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Representation for an Aro character


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Guest Lorely

Hi everyone! I am not aro (I’m actually as plain as plain can be but that’s not relevant) and I’m writing a book. One of my characters is aro and I want to make sure I’m getting an accurate and fair representation for him and the aro community. Would really appreciate any tips/input on what you want to see from a bi aro male and what you would HATE to read in his character (for fellow bookworms!). I have an idea about his journey and his struggle with identifying his own identity and then breaking it to those around him (ya fantasy so to faerie society) and how it affects his relationships but would like to know more so I can be fair in my representation. Thank you in advance!

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Guest ---

First of all, I'm glad you're writing an aro character, especially an allo aro! Good luck! And please take all my suggestions as just that- suggestions, nothing more. It's your book and you have artistic license. 

It would be cool to see him struggle with some sort of guilt about being allo aro, to have that representation showing how society can view sexual attraction as taboo and how that view on it is toxic. If he is a person who was/ is though some part of the book in a mindset where he internally romanticized romantic relationships, he could deal with denial over him being aro as well, and possibly try to conform to biromantic expectations to fit his sexual orientation. If he goes a bit far with this stage, he might date someone in a romantic way and feel uncomfortable about being put in that position, leading to a realization about his aromanticism and a possible breakup? ~ A lot of aromantics, asexuals, etc have dealt with feeling broken because of reasons connected to this. Once he starts to accept his aromanticism he might see society in a bit of a different light as well- being able to see the ways society forces amatonormativity onto everyone and sees romantic relationships through rose colored glasses, through media, etc.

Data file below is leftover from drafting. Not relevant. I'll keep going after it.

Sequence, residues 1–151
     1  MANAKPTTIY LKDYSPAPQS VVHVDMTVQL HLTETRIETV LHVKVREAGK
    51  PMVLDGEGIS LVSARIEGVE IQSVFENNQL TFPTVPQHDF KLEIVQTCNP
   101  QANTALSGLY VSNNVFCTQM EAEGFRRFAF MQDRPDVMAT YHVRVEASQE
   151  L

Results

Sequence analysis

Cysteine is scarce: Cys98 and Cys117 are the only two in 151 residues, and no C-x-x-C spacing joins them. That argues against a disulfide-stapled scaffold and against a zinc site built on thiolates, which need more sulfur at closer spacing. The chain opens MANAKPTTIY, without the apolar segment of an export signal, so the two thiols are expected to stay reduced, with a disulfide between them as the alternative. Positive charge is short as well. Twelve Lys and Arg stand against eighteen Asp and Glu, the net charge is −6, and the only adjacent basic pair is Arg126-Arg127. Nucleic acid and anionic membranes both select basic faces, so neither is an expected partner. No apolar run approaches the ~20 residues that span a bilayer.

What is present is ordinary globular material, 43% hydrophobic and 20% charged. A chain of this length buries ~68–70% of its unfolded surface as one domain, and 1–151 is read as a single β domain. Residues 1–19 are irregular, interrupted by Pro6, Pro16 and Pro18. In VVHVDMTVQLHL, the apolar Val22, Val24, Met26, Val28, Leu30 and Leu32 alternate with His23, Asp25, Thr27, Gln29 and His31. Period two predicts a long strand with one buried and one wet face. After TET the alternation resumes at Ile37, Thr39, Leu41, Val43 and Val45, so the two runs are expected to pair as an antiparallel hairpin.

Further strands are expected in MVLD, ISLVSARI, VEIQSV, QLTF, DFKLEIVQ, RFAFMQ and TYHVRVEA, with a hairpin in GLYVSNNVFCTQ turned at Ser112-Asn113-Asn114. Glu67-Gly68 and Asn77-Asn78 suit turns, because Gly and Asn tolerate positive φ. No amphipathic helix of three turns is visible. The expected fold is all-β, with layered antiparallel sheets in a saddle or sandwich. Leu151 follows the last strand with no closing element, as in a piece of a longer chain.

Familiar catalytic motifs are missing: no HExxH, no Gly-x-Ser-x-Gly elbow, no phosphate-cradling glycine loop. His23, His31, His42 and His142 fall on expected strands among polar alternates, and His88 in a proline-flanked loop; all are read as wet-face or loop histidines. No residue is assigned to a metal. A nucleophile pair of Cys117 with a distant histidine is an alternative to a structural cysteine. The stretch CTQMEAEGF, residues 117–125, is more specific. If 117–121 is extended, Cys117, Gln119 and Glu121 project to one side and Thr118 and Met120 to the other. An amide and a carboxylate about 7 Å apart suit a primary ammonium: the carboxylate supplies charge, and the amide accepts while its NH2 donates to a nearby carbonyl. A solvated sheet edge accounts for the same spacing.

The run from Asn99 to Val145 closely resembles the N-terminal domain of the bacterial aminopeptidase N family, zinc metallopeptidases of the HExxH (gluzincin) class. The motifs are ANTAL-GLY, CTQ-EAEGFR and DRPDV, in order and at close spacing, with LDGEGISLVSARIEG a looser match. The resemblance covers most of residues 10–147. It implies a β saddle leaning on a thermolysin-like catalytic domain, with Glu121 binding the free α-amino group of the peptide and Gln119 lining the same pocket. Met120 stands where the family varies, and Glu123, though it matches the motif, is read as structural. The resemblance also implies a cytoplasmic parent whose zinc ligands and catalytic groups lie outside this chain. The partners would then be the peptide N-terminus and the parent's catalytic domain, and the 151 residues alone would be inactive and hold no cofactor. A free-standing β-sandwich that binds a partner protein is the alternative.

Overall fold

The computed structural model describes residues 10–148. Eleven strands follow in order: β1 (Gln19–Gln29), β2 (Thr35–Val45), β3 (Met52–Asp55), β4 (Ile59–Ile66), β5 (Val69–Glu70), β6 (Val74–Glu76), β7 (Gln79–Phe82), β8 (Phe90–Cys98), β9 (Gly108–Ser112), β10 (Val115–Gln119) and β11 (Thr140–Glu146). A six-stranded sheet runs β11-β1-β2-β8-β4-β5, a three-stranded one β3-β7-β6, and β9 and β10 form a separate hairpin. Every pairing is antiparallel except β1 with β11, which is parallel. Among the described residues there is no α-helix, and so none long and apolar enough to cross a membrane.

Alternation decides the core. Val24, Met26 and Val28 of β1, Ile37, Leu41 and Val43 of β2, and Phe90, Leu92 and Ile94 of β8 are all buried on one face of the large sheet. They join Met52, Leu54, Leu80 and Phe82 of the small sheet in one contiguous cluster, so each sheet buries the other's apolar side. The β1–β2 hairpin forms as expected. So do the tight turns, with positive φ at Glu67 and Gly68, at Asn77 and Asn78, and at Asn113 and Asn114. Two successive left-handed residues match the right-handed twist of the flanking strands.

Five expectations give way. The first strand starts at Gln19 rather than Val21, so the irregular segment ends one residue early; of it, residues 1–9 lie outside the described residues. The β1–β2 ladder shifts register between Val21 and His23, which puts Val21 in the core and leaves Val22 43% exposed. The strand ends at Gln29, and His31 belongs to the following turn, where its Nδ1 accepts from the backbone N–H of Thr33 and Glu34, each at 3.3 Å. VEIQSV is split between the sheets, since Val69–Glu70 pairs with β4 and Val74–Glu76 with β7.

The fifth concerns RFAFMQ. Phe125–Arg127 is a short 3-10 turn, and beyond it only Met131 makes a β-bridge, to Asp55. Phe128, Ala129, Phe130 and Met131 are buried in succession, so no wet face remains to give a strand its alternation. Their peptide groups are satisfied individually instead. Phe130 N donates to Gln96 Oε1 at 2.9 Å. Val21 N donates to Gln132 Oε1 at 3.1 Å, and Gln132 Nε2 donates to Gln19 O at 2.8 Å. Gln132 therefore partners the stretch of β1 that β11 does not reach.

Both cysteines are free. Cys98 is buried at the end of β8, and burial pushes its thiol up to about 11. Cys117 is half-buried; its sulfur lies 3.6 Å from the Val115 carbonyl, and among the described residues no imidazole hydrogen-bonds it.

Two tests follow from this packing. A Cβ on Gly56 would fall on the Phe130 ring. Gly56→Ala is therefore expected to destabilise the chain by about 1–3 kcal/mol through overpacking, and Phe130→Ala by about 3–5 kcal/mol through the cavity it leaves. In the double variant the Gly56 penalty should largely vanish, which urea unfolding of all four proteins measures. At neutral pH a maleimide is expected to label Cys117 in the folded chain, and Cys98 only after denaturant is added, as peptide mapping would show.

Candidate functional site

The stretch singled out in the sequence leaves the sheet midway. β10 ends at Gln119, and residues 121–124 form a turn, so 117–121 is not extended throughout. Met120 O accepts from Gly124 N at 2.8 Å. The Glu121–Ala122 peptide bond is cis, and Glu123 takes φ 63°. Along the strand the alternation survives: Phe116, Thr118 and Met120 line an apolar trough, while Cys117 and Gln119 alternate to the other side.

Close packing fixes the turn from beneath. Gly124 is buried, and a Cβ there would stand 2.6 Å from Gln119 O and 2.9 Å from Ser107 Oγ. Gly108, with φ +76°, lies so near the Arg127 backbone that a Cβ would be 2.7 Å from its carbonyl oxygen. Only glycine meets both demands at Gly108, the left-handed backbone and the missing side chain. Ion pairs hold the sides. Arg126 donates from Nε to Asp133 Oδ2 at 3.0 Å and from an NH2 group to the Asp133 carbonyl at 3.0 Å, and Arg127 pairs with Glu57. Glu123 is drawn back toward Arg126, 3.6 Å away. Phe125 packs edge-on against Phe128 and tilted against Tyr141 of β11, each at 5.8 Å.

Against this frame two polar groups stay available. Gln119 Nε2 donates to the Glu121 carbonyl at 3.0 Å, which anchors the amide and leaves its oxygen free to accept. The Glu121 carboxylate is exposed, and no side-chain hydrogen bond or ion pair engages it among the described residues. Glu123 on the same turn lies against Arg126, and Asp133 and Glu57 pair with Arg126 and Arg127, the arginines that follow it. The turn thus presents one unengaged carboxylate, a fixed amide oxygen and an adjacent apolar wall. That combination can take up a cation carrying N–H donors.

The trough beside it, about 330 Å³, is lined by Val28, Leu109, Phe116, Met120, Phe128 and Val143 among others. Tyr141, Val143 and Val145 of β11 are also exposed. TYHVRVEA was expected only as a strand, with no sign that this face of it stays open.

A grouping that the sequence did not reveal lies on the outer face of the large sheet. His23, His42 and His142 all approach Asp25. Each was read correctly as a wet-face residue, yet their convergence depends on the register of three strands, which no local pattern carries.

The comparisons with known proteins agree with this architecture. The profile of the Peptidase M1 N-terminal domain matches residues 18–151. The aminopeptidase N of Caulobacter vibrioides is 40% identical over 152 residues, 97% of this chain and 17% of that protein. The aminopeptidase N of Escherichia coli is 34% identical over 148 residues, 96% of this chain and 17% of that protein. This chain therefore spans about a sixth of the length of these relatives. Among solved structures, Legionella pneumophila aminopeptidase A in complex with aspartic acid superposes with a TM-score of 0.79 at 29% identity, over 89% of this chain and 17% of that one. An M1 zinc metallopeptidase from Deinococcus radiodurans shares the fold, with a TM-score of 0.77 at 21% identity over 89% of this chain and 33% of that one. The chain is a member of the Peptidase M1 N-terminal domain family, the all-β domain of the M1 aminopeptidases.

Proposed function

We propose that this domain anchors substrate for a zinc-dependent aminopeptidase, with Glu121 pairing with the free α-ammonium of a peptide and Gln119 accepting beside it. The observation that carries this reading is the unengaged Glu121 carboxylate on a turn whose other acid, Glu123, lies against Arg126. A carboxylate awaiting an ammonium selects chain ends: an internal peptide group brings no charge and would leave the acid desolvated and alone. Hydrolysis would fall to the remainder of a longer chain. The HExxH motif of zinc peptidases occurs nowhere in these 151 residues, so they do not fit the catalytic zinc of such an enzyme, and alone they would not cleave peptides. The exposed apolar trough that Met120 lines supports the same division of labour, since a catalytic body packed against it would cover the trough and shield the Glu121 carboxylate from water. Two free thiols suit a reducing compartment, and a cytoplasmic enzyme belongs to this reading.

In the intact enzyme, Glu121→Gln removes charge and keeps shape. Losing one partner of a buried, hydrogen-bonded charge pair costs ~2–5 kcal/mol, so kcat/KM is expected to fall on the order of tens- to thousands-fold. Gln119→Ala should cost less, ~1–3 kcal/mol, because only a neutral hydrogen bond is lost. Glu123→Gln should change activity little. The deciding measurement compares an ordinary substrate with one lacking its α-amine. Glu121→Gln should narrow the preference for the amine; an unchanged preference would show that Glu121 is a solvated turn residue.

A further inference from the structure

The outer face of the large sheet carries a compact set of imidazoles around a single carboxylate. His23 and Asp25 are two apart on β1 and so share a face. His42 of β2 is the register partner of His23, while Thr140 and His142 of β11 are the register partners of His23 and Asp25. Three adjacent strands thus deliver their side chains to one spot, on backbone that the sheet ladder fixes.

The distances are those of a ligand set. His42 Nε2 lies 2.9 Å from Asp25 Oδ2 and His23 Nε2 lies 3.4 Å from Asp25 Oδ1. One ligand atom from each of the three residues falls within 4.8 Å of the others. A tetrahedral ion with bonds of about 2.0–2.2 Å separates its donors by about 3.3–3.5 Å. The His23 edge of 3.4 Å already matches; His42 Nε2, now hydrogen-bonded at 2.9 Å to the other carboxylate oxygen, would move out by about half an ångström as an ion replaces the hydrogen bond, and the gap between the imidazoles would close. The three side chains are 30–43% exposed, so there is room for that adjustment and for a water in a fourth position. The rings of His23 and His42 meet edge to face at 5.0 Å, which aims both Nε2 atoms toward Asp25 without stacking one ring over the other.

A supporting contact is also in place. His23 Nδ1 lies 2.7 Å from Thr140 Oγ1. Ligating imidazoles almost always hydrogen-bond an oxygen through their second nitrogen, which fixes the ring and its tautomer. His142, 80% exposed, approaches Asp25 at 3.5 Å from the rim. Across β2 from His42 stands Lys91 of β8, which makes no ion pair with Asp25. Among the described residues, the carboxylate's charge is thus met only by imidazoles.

(He might need to explain his orientation to family and friends when/if he comes out to them, as it isn't very widely known.) 

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A lot of people conflate aromanticism with shallowness and fear of commitment. So it would be nice if he has strong relationships, just not romantic ones.

I suppose with bisexual people there's always the stereotype that they're hyper sexual and just want to have sex with everyone. So you could subvert that by having him not have very strong libido and maybe needing time getting to know someone before he is interested in sexual acitivity with them.

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